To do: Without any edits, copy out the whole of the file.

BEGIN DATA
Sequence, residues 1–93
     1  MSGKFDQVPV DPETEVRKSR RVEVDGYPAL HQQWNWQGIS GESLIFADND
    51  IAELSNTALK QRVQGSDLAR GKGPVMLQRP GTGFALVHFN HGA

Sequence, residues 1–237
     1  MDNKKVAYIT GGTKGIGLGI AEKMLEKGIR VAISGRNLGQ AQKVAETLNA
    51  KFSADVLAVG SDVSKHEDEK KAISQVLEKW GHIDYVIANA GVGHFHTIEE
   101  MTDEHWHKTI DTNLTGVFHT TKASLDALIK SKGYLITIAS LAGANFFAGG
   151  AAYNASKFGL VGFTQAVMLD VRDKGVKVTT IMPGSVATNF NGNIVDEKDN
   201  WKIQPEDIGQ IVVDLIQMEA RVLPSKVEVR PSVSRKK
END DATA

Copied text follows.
Sequence, residues 1–93
     1  MSGKFDQVPV DPETEVRKSR RVEVDGYPAL HQQWNWQGIS GESLIFADND
    51  IAELSNTALK QRVQGSDLAR GKGPVMLQRP GTGFALVHFN HGA

Sequence, residues 1–237
     1  MDNKKVAYIT GGTKGIGLGI AEKMLEKGIR VAISGRNLGQ AQKVAETLNA
    51  KFSADVLAVG SDVSKHEDEK KAISQVLEKW GHIDYVIANA GVGHFHTIEE
   101  MTDEHWHKTI DTNLTGVFHT TKASLDALIK SKGYLITIAS LAGANFFAGG
   151  AAYNASKFGL VGFTQAVMLD VRDKGVKVTT IMPGSVATNF NGNIVDEKDN
   201  WKIQPEDIGQ IVVDLIQMEA RVLPSKVEVR PSVSRKK